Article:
Marijuana Business

When Experience Is a Liability

In some states, a marijuana conviction can exclude you from the newly legal industry.


Daniel Fagundes, who was arrested for growing medical marijuana that he supplied to a Las Vegas dispensary, found himself excluded from that state's newly legal recreational industry because he had been convicted of a felony: possession with intent to sell. In California, by contrast, Rodney Hampton's felony record from his days as a pot dealer in San Francisco gave him a leg up when he applied for a license to sell marijuana there.

As those examples suggest, the seven states that currently license marijuana suppliers to serve the recreational market (regulations are pending in Maine and Michigan) have reached strikingly different conclusions about the propriety of letting people with pot records participate. In several states, experience in the field can be disqualifying. Here are the relevant rules.

Alaska: No one convicted of a felony in the previous five years or a Class A misdemeanor involving distribution of marijuana in the previous two years can own or work for a marijuana establishment.

California: A license to operate a marijuana business can be denied based on convictions "substantially related to the qualifications, functions, or duties of the business." If a drug conviction does not fit that description, it cannot be the sole basis for rejecting an application.

Colorado: No one convicted of a felony involving a controlled substance in the previous 10 years can own or work for a marijuana business, unless it was a marijuana use or possession offense that is no longer a felony.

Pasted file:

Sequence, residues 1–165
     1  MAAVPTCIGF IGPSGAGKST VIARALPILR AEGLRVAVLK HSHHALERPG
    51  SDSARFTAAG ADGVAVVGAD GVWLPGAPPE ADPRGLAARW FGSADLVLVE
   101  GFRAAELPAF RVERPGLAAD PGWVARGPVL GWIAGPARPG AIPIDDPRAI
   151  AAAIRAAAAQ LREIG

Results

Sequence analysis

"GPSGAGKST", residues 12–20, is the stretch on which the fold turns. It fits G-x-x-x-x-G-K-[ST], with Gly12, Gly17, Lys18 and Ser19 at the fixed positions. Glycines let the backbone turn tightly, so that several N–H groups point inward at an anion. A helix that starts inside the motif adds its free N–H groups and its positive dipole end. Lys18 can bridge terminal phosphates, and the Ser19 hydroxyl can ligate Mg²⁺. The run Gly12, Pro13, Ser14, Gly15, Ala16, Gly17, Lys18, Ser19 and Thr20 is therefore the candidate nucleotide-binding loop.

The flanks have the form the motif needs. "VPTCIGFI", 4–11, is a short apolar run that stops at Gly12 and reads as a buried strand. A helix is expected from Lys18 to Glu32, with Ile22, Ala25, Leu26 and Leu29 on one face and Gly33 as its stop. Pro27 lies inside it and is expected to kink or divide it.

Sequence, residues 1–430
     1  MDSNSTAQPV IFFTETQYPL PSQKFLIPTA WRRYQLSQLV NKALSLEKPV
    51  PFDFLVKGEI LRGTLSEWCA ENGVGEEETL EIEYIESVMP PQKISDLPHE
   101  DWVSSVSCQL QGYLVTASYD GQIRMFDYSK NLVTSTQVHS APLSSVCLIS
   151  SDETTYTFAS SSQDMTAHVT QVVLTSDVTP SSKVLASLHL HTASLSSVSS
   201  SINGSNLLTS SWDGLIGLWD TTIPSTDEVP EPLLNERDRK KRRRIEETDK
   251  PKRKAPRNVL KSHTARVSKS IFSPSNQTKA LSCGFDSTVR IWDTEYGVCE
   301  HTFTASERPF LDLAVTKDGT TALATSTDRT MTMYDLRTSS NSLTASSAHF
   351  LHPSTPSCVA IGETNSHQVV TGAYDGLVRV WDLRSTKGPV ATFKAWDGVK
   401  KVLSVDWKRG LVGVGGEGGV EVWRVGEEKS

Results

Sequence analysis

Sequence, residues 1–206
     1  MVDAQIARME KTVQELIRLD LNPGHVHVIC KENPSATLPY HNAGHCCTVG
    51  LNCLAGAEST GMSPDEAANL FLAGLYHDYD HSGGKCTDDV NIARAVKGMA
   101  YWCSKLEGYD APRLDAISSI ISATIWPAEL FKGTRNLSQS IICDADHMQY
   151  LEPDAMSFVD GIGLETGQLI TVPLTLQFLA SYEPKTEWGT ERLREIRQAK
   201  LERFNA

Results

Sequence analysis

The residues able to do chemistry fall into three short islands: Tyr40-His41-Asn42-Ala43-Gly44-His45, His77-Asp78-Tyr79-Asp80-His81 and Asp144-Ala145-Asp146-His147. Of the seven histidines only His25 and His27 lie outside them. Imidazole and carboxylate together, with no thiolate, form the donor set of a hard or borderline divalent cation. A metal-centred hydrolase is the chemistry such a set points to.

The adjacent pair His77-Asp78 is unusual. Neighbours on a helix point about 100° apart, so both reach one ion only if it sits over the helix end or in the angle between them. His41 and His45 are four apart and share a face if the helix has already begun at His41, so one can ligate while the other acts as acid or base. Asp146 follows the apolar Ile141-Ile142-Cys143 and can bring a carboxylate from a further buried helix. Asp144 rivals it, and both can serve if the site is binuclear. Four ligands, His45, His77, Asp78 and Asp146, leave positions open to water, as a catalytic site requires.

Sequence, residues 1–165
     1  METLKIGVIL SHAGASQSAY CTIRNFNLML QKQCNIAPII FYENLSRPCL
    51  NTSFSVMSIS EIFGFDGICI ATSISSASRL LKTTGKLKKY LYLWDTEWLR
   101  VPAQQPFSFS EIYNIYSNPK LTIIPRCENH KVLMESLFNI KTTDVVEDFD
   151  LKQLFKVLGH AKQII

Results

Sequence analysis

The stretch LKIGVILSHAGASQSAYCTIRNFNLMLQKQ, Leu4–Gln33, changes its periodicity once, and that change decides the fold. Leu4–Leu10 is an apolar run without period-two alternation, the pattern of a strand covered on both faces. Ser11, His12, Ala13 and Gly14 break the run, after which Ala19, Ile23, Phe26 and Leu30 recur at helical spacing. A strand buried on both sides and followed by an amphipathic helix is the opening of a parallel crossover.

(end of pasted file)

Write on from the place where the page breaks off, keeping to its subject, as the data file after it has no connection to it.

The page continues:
Massachusetts: No one convicted of a felony can own a marijuana establishment, unless the offense was limited to marijuana and did not involve distribution to minors.

Nevada: No one convicted of an "excluded felony offense" within the previous 10 years can own or work for a marijuana business. That category includes some marijuana offenses but excludes conduct permitted by Nevada's medical marijuana law.

Oregon: A license to operate a marijuana business can be denied based on convictions "substantially related to the fitness and ability of the applicant to lawfully carry out activities under the license." Convictions for marijuana possession may not be considered, and neither may convictions for manufacturing or delivering marijuana (except to someone younger than 21) as long as they are at least two years old. The same rule applies to most employees.

Washington: Applicants for marijuana business licenses receive points based on their criminal records: 12 points for a felony, five points for a gross misdemeanor, and four points for a misdemeanor. A score of eight or more is disqualifying. Felonies more than 10 years old and misdemeanors more than three years old do not count. Neither do marijuana possession misdemeanors, unless there are more than two. A single marijuana felony "will be considered for mitigation on an individual basis."

[The entry for Massachusetts has been corrected; a conviction for distributing marijuana to minors is disqualifying, as opposed to marijuana distribution in general.]